This is what happens when democrats rule the roost. You end up being taxed for everything, including emergency responses.
If you get into a car accident and 911 is called, you may get billed for the emergency response. Cash-strapped communities are sending out bills to cover the costs of fire trucks responding to crashes. As CBS 2 Investigator Dave Savini reports, often times it does not matter whether you caused the accident or are the victim.
Cary Feldman received one of these bills last summer. He was driving his motor scooter in Chicago Heights when he was struck from behind. He was fine, but someone else called 911, and a fire truck was sent to the scene.
Feldman says it was unnecessary.
“There was no fire, there was no explosion, there was no debris,” Feldman said. “From what I saw, they came, they saw, and they left.”
The fire department then sent him a $200 bill for that fire truck response.
“We’re paying taxes for these services,” said Feldman. “We don’t need to have a second tax.”
Motorists across the country are calling these fees a “crash tax” — alleged strong arm tactics angering many, especially when the accidents they are being billed for are not their fault.
Nine states have created laws banning these fees. Illinois has no ban on these so-called “crash taxes.”
In fact, pending Illinois legislation would allow municipalities to charge up to $250 an hour for an emergency response.
Illinois Representative Karen Yarbrough is working on this issue and wants the pending legislation killed.
“Bad bill, very bad bill,” said Yarbrough. “This is just another way to reach into a consumer’s pocket.”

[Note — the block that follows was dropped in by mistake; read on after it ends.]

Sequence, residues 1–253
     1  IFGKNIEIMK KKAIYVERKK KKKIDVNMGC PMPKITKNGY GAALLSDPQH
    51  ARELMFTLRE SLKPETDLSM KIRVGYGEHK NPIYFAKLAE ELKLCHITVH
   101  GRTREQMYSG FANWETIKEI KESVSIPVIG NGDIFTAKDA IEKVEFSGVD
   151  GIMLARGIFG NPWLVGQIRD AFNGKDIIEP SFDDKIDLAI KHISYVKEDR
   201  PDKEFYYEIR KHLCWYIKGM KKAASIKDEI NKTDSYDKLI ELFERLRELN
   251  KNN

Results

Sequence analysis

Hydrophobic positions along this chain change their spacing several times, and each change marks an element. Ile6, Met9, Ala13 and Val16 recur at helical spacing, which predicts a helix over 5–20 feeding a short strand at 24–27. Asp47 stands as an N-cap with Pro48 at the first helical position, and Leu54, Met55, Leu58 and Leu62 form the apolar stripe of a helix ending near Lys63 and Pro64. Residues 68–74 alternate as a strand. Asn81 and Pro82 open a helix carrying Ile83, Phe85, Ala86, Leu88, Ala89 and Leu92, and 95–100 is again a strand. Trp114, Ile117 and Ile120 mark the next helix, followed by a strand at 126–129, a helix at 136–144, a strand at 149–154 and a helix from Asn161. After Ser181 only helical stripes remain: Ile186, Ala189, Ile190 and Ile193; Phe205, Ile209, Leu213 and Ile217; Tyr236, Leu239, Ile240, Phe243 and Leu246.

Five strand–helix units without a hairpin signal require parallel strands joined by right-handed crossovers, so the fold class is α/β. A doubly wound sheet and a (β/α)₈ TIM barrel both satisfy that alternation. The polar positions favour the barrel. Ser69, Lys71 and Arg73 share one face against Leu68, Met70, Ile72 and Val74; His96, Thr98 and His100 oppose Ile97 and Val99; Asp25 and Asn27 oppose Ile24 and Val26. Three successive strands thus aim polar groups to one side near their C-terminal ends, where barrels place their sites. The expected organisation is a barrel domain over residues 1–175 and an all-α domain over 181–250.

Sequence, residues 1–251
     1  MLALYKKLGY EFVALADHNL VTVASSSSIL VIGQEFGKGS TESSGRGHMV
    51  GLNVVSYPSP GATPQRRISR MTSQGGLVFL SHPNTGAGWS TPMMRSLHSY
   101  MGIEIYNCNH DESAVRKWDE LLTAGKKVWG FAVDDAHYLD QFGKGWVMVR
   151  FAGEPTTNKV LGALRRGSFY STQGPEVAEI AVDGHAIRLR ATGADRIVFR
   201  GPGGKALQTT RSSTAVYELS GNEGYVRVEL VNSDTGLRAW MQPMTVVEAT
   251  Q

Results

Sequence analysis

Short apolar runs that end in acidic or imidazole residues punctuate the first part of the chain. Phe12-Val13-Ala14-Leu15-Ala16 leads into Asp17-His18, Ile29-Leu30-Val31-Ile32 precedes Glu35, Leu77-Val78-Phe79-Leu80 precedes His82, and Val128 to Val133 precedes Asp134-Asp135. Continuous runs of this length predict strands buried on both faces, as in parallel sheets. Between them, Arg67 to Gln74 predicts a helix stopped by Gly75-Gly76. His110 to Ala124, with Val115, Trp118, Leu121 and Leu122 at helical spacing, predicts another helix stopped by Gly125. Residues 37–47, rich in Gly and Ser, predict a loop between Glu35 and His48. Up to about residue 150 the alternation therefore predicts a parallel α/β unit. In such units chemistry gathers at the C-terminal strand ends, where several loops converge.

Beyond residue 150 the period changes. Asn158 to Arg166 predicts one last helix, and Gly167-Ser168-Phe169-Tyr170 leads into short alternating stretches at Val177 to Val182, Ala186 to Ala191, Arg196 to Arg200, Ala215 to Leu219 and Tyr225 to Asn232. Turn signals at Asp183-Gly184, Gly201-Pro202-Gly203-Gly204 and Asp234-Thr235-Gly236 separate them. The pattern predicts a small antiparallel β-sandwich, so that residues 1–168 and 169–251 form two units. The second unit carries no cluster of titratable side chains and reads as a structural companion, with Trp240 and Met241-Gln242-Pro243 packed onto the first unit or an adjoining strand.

“I think the State of Illinois needs to take some actions to stop this from happening,” said Feldman.
Aside from the cost, there is concern that people will be afraid to call 911. That’s what happened last month in South Carolina. A couple tried using a hose to put out their house fire in order to avoid being billed by the fire department.
Once you’re billed, as Feldman learned, there is no process to fight it. There is no court date. You just have to pay the fee, or the consequences.
“They’ve been harassing me,” said Feldman who tried to get Chicago Heights officials to drop the bill.
He says that instead, officials were, “sending me letters and they even turned it over to collections without sending a final notice.”
He finally paid the $200 to avoid credit rating problems.
“So this is what I call extortion. This is how they get you to pay it,” Feldman said.
The person who hit Feldman was also billed, but only $100, because he lives in the community. Feldman says insurance would not cover the bill.
Chicago Heights Fire Chief Thomas Martello says they do not charge these extra fees for house fires. The chief also says money is tight and departments are using creative funding methods.
Matteson and Park Forest are examples of two other communities that bill for emergency response.
Naperville and Schaumburg are examples of communities that do not bill extra for fire truck services.
Some communities only bill the offender. And there are communities that only bill non-residents, those who live in other towns, figuring their residents already pay taxes on local services.
“I’m going to call it a scam,” said Feldman. “Just a way to make money instead of helping people.”